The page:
If you will recall, the April 25, 2017 edition of deTECH discussed changes in SOC reporting in 2017. Many changes are cosmetic or address changes in accounting standards. For example, SOC no longer means Service Organization Control. Instead, the AICPA has introduced the term system and organization controls to refer to SOC engagements. In addition, SSAE 16 has been superseded by SSAE 18, which restructures the standards for attestation engagements. Therefore, a company will no longer receive an ‘SSAE 16 Audit’, but instead a ‘SOC 1 for Service Organizations: ICFR’. The changes introduced in 2017, however, aren’t just cosmetic. So what about SOC for Cybersecurity?
The AICPA recognizes that the cybersecurity threats facing organizations present a significant business risk, and has responded by introducing the Cybersecurity Risk Management Examination, or SOC for Cybersecurity. Several of us on the RAS team attended the AICPA’s ENGAGE conference earlier this summer where we heard presentations and discussion about SOC for Cybersecurity. I wanted to highlight some of the important features of this emerging examination because we expect it to become a valued and respected report as organizations learn more about it.
Description of the Examination
The SOC for Cybersecurity examination is an attestation engagement in which a CPA opines on an entity’s cybersecurity risk management program. The examination includes two distinct but complementary subject matters: (1) a description of an entity’s cybersecurity risk management program and (2) the effectiveness of controls within that program to achieve the entity’s cybersecurity objectives. The entity is responsible for preparing a description of their cybersecurity risk management program based on description criteria. The AICPA provides description criteria for management of an entity to use in developing the description of the cybersecurity risk management program, but an entity may choose any suitable description criteria, provided it meets the AICPA’s standards.
In addition to the description, an entity is responsible for defining its cybersecurity objectives and defining controls based on suitable control criteria. In most circumstances, the AICPA’s Trust Services Criteria of Security, Availability and Confidentiality will be an appropriate control criterion. You can think of Cybersecurity Objectives as the cyber-cousin to the Control Objectives in a SOC 1 report (Controls provide reasonable assurance that…). They are defined by management and supported by controls intended to meet the Cybersecurity Objective.
A significant difference between the original SOC reports and SOC for Cybersecurity reports is that the SOC 1 and 2 reports include a section prepared by the service auditor that lists specific controls, and the auditor’s tests of controls, and results of tests of controls. Because the SOC for Cybersecurity is a general use report (see the next paragraph), it will not contain a section with specific controls or tests performed by the auditor.
Use of the Report
One of the most interesting things about the SOC for Cybersecurity is its use as a general purpose report, meaning its use is not, under normal circumstances, restricted to certain users. The intended users of the report include Boards of Directors or other governing bodies, organizations who want to demonstrate their cybersecurity risk management program to their users, investors, analysists, business partners or industry regulators. The full report, which includes management’s assertion, Independent Accountant’s Report, and the Description of the Cybersecurity Risk Management Program, is intended to provide adequate information about the entity’s cybersecurity risk management program, but not so much information to expose the entity to undue risk by informing the general public about specific cybersecurity defenses or tactics. With such a broad range of users, it’s easy to envision this report being made publicly available alongside a company’s financial statements or other investor information.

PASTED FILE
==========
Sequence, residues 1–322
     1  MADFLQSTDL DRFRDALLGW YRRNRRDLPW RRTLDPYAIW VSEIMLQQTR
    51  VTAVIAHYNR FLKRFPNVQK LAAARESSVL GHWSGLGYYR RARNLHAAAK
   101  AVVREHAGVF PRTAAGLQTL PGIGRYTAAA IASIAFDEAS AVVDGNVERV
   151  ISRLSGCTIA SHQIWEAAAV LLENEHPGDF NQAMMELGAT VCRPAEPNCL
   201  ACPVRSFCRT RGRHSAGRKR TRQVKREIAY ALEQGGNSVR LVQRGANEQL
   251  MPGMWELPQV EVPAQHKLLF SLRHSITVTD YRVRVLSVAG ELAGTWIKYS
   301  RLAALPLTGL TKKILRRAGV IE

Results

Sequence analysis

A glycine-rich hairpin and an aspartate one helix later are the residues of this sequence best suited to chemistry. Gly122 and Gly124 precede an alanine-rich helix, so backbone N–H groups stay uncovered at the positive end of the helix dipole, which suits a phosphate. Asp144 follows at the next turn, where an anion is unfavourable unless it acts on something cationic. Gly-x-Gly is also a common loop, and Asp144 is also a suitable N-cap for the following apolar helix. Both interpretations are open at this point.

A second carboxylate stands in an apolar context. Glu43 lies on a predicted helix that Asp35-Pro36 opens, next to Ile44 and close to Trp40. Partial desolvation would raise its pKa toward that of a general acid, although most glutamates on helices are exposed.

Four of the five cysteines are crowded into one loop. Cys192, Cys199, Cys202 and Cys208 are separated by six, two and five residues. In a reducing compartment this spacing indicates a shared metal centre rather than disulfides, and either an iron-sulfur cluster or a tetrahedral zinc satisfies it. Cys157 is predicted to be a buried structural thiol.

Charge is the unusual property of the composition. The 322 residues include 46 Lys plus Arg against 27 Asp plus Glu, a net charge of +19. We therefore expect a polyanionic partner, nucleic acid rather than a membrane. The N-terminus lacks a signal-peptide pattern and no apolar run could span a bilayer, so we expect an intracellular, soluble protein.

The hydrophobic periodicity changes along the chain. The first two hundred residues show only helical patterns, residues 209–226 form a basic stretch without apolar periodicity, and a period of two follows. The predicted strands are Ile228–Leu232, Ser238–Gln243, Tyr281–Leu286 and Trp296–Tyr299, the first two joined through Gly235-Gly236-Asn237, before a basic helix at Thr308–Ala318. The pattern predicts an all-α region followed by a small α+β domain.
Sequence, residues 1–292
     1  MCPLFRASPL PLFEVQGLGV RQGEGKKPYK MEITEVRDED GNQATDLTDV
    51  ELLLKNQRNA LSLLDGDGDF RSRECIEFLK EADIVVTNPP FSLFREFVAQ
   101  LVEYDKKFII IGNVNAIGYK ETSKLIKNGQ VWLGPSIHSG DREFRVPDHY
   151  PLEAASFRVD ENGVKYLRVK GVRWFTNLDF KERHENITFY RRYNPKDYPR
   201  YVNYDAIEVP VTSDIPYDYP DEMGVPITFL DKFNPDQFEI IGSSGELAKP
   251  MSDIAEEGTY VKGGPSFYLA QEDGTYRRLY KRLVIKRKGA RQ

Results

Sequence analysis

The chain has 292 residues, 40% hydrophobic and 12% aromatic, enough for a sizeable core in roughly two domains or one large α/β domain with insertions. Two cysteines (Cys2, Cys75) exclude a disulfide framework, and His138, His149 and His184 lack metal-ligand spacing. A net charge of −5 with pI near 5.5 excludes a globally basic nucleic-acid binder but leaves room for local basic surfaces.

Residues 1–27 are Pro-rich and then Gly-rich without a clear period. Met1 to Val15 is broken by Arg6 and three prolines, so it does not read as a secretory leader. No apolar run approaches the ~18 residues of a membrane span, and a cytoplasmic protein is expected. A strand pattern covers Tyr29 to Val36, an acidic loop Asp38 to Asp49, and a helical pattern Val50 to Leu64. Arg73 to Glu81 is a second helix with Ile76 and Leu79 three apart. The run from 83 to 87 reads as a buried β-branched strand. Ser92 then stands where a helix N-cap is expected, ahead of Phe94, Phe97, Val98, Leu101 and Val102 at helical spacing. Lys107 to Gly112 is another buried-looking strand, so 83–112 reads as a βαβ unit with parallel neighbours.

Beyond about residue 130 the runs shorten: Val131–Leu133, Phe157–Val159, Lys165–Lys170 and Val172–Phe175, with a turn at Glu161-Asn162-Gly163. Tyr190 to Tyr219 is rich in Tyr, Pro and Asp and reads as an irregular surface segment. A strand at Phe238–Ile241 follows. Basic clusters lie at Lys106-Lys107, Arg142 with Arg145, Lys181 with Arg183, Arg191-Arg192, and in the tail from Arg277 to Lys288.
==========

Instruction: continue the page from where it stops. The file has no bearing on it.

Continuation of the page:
What SOC for Cybersecurity is Not
It is important to specify what a SOC for Cybersecurity is not trying to accomplish. The engagement does not warrant that an entity is impervious to a cyber-event. A basic tenet of cybersecurity, especially in the current paradigm, is that entities are constantly under attack. Defense-in-depth, active monitoring and timely detection and response are key components of a cybersecurity risk management program and are addressed in the examination.
The AICPA has recognized the need to elevate cybersecurity threats as legitimate business risks, the same way financial statement fraud or insider trading is a threat to the public confidence in our financial system. This was a substantial theme at the AICPA’s ENGAGE conference in June. Significant time was given to discuss cybersecurity and how technology will impact the profession. The SOC for Cybersecurity examination will give entities the ability to demonstrate their cybersecurity risk management capability to a wide range of report users in the way a CPA firm gives independent assurance to their financial statements.
If you are interested in learning more about SOC for Cybersecurity (there is a lot more to discuss), contact us and we would love to talk with you.
*Edited on 4/23/19
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Bryan is a Manager at YHB and serves on the Risk Advisory Services Team. Bryan focuses on assisting organizations in a variety of industries with internal audits and IT-related audit and consulting services.